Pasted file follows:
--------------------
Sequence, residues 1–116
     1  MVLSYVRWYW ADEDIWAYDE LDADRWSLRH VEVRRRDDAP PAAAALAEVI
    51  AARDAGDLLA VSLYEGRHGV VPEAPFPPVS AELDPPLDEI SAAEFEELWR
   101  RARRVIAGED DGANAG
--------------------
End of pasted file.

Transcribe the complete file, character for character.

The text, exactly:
Sequence, residues 1–116
     1  MVLSYVRWYW ADEDIWAYDE LDADRWSLRH VEVRRRDDAP PAAAALAEVI
    51  AARDAGDLLA VSLYEGRHGV VPEAPFPPVS AELDPPLDEI SAAEFEELWR
   101  RARRVIAGED DGANAG